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US Supreme Court Ruling Could Affect California DUI Cases

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    “Her knowledge and professionalism are what helped me get through a difficult time.”
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  • If you need a lawyer,
    she is the one you want.

    “Her knowledge and professionalism are what helped me get through a difficult time.”
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Like most other California residents, you are probably aware that you have certain rights when it comes to searches and seizures by police. The Fourth Amendment to the U.S. Constitution requires law enforcement officials to follow certain rules before conducting searches and seizures, even as they apply to a DUI stop.

In the past, the U.S. Supreme Court has ruled that a blood draw to determine your blood alcohol content was considered an invasive search for which police need either a search warrant or your consent. If you were unconscious at the time, police needed to get that warrant before drawing blood. However, a recent ruling made a change to that former blanket rule.

The Case They Ruled on to Make That Change

Police apprehended a man in another state on suspicion of drunk driving. Police administered a breath test and then transported him to a hospital to draw blood. During the trip, the man passed out. Even though he was not conscious, police ordered personnel at the hospital to proceed with the blood draw anyway -- without a search warrant. The results ultimately led to a conviction.

The man appealed, saying police violated his constitutional rights because they failed to obtain a search warrant before the blood draw. The case ultimately ended up with the U.S. Supreme Court, which ruled that the blood draw did not require a warrant due to "exigent circumstances."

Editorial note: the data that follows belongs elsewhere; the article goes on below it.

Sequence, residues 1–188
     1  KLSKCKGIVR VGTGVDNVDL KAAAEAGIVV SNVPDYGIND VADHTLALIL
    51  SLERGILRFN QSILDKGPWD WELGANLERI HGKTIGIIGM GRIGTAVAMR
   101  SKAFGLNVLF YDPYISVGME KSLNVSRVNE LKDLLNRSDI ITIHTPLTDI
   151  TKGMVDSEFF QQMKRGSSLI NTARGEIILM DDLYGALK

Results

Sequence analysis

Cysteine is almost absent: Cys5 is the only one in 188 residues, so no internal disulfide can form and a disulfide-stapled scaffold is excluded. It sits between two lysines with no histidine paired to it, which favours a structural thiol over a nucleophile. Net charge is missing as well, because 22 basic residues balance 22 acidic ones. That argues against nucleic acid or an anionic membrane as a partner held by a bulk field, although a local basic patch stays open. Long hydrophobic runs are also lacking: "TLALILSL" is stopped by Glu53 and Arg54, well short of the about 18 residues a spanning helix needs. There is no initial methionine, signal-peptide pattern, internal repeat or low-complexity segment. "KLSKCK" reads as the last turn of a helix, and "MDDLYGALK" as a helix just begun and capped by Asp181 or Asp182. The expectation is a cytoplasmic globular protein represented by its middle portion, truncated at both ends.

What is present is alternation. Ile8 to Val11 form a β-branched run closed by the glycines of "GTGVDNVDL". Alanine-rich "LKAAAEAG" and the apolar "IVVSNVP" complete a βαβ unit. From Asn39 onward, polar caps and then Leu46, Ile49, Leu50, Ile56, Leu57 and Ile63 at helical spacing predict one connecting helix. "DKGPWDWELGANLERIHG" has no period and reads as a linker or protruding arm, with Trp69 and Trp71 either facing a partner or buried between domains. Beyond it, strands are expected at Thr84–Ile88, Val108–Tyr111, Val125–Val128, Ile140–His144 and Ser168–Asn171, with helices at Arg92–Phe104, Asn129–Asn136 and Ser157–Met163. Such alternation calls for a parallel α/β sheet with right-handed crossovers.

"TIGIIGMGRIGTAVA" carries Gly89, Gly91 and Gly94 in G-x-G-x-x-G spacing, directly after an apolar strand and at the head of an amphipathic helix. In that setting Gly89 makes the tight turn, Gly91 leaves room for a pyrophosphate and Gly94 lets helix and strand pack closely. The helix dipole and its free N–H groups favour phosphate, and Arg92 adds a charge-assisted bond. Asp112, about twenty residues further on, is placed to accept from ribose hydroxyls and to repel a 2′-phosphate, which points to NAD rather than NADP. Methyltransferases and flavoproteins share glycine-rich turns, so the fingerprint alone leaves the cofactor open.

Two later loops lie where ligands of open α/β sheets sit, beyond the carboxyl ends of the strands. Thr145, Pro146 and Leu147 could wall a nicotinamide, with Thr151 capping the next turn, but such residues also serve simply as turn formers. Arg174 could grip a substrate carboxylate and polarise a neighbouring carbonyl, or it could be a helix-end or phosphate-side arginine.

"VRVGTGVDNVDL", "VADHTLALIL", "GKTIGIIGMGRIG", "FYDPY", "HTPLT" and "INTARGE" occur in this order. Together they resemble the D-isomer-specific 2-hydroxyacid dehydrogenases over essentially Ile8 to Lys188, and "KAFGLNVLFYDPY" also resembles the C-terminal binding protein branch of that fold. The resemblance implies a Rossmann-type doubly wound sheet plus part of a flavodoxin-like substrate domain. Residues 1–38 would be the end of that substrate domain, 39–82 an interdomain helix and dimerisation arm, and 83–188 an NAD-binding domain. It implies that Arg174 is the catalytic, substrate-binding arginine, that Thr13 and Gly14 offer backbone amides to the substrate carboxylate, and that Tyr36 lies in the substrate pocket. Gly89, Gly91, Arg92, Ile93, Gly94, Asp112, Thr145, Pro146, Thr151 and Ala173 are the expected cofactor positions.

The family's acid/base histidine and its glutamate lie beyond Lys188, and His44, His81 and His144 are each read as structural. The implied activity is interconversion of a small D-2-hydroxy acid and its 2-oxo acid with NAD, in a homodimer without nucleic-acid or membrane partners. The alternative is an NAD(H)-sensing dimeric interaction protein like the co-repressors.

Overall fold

Why the Court Says It Ruled the Way It Did

In emergency situations or exigent circumstances, police often do not need a search warrant. The court says that it considers an unconscious person suspected of DUI such a circumstance. Since the alcohol in a person's system dissipates over time, the sooner the blood draw occurs, the better. Other examples of exigent circumstances are entering a home without a warrant if police believe a crime is in progress or a person is in danger.

What This Could Mean for You

If police stop you and suspect you of DUI, you have the right to either consent to a blood draw (or breath or urine test) or request that police obtain a warrant first. If you are unconscious when they find you because you were involved in an accident or passed out at some point prior to the blood draw, it may not be a requirement for police to obtain a search warrant to draw your blood to determine your BAC.

This ruling only increases the importance of moving quickly in order to protect your rights and explore your defense options if you face charges for DUI. With all you may have at stake, you may want to avoid going through the process alone. One of your rights is to the representation of an attorney, and you would be wise to take advantage of this right as soon as possible.

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